Monday, February 6, 2012

Intuitive Eating-Review

I recently read Intuitive Eating by Evelyn Tribole, MS, RD; and Elyse Resch, MS, RD, FADA.  Since starting this blog, this has to be my favorite nutrition/diet book I have read so far.  The authors wrote the first edition in 1995 after becoming dissatisfied with the typical dietitian mentality: serving sizes, exchange system, calorie counting, and so on.  The book focuses on several areas, but as the name implies, learning to eat intuitively is the main premiss.  The practices in mindful eating are now being used in eating disorder clinics around the country.  However, anyone suffering from a life of chronic dieting or food worry will identify with the example patients the authors use to help present the program.  I should make a huge disclaimer here, much as ET and ER do in their book.  THIS IS NOT A DIET!!!  By following the practices of mindful eating, people who are overweight will probably lose weight, and people who struggle with chronic dieting will come to peace with food.

1. The weight-loss industry is a $30+ billion a year business.  (Programs, Pills, Shakes, Bars, Surgery)
2.  90-95% of all diets fail.
3. Restricting food slows Metabolism.
4. 45% of adults feel guilty about eating foods they like.
5. The US is the most preoccupied country with regards to weight and health concerns, we are the most overweight, yet we take the least amount of satisfaction and pleasure from eating.

There are 3-4 main types of eating disorders recognized within the medical Community and are considered a mental disorder, not a physical disorder; even-though they wreak havoc on the body:

Anorexia nervosa: Restricting food to lose weight below 85% of what is considered ideal.  Often starts off with the simple quest to lose a little weight, but spirals out of control to where patients may only eat 1 apple or a few carrots each day.

Binge Eating Disorder: Consuming more than what is considered a normal amount within a 2hr time period.  Binges may consist of 2000-4000 calories. Typically follows a time of food restriction.  People are typically of normal weight, but may be overweight.

Bulimia Nervosa:  Similar to Binge Eating, but each binge is followed by purging.  Purging may be done through laxative use, vomiting, or exercise.  Sometimes people begin to purge even after normal size meals.  The act of vomiting after a large binge of say 2000 calories, will only rid the body of approximately 800-1000 calories.  Patients have been know to purge more than 20x per day.  Patients may be of normal weight, underweight, or overweight.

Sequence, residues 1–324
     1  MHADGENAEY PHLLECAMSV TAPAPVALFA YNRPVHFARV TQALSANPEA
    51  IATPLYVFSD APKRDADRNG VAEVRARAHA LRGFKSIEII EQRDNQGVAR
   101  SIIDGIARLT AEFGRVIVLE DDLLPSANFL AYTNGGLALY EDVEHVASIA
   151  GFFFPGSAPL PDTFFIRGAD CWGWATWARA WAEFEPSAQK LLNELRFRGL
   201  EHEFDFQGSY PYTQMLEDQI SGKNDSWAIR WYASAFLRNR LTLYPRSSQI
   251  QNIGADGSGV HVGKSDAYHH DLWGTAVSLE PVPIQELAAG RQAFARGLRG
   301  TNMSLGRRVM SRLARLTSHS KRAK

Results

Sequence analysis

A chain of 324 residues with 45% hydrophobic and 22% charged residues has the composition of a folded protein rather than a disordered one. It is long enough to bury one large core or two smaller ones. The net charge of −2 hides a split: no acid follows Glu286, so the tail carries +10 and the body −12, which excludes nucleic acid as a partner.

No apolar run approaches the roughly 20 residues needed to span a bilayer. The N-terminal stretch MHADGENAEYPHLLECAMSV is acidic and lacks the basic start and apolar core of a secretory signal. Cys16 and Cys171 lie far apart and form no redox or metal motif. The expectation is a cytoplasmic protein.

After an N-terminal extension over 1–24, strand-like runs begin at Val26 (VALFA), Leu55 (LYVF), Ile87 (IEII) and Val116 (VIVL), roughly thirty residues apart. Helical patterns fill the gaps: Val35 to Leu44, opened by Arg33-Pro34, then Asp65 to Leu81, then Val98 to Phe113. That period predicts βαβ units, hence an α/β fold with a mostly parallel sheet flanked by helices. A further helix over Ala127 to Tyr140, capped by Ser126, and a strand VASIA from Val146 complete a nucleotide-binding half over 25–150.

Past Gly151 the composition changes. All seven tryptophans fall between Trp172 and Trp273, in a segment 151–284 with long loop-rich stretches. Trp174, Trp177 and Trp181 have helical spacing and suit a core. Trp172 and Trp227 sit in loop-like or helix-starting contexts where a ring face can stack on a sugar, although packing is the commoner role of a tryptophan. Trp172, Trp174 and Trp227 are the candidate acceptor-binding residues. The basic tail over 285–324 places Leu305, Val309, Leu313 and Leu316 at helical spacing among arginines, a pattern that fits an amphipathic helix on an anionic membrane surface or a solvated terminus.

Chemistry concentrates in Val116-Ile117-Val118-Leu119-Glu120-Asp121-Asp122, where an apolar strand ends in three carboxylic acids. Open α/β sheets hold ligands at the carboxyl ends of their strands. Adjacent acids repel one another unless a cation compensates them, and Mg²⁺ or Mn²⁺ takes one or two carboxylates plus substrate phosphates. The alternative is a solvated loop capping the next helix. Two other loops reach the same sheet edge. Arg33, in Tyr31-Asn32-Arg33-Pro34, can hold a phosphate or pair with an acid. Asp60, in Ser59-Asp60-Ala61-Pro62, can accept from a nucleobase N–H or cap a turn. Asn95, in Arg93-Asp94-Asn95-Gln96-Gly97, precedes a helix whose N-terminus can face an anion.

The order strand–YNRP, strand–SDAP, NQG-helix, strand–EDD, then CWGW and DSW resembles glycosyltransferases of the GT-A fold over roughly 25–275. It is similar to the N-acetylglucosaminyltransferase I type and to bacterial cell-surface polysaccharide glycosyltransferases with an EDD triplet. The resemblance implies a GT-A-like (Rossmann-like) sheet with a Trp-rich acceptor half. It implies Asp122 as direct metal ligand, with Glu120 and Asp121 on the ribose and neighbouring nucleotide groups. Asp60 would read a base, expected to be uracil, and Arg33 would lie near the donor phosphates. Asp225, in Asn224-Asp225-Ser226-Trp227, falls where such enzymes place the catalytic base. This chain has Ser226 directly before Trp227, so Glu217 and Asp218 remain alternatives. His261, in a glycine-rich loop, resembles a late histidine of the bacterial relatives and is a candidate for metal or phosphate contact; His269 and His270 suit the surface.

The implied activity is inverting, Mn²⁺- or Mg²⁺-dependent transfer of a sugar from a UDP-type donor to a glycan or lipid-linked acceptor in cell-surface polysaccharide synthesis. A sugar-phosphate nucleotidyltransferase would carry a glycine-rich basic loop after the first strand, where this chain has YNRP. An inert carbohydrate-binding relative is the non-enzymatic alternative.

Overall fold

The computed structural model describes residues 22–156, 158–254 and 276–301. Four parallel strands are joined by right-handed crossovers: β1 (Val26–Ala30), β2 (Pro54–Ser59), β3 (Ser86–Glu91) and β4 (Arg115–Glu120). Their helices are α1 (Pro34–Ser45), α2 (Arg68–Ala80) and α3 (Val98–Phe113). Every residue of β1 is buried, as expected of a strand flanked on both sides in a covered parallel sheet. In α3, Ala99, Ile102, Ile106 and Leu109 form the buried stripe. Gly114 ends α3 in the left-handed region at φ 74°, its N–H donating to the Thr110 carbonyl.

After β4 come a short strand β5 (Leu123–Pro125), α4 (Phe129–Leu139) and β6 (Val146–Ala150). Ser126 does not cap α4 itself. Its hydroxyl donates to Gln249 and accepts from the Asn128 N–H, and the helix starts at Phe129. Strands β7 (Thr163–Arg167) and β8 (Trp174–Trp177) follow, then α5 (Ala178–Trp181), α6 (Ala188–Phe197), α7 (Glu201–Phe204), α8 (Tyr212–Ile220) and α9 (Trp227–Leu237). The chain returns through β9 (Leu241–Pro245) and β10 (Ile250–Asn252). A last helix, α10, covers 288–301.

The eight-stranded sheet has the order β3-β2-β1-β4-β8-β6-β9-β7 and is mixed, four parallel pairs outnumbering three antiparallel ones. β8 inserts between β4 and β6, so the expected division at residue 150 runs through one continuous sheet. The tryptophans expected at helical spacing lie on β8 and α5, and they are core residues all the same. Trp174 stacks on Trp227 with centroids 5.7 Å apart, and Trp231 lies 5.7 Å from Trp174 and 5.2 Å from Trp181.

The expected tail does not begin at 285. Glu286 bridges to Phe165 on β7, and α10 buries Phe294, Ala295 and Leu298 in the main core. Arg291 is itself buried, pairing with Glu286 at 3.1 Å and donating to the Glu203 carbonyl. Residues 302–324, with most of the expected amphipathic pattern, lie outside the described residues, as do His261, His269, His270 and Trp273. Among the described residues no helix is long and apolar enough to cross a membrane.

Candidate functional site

Eating Disorder Not Otherwise Specified: When people do not meet all the criteria for one of the other eating disorders.  Ex: A woman with Anorexia Nervosa who still experiences menstruation even though at 5'5" she only weights 100lb = 80%ideal body weight.  This is also where people who are chronic dieters or yo-yo dieters would fall.  People who are preoccupied with thoughts of food, nutrition, and distorted body image.  Again, these patients may be a wide range of body sizes.  Surprisingly, almost 50% of the female population could fall into this category.  Think of how many women have gone on a diet, regained the weight and then some, gone on another diet...only to then regain more weight.  It's a vicious cycle, and one that has a very devastating impact on the psyche and body.

There are ten steps to becoming an Intuitive Eater, and the book does an excellent job of outlining each.
  1. Reject the diet mentality.
  2. Honor your hunger.
  3. Make peace with food.
  4. Challenge the food police.
  5. Feel your fullness.
  6. Discover the satisfaction factor.
  7. Cope with emotions without the use of food.
  8. Respect your body.
  9. Exercise-feel the difference.
  10. Honor your health-gentle nutrition.
The authors stress that intuitive eating is a process, unlike diets there is no linear thinking.  It is not starting at one weight with the sole intention of losing a certain amount of weight.  It is a journey.  Some days will be better than others, but each part of the journey should be see as a positive experience.  Almost each step towards becoming an intuitive eater encompasses the need to enjoy food, enjoy life, and love your body.  Think about weight watchers statement that it is not a diet.  Of course it is!  It does not teach a person to listen to their body, it teaches them to focus on points.  And what is a person to do when their points run out at the end of the day, and they are still hungry or at a party with lots of delicious food?  Quite the quandary.  My favorite statement in the book is "If you don't love it, don't eat it, and if you love it, savor it."  

If you or someone you know struggles with chronic dieting or poor body image, I highly recommend reading Intuitive Eating. While you may be able to practice the principles on your own, like any journey it's best to have support from a friend or family member.  It can be scary to let go of the diet mentality and food rules, but being able to sit at a meal knowing you can eat without worry is liberating.